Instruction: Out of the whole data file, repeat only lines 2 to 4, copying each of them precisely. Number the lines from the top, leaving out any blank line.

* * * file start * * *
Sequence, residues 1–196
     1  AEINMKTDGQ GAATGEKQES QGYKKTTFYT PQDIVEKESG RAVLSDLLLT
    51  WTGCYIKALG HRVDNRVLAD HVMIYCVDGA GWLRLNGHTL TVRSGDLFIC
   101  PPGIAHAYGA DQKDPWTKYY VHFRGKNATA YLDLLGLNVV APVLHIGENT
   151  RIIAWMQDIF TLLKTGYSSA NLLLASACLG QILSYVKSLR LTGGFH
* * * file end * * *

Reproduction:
     1  AEINMKTDGQ GAATGEKQES QGYKKTTFYT PQDIVEKESG RAVLSDLLLT
    51  WTGCYIKALG HRVDNRVLAD HVMIYCVDGA GWLRLNGHTL TVRSGDLFIC
   101  PPGIAHAYGA DQKDPWTKYY VHFRGKNATA YLDLLGLNVV APVLHIGENT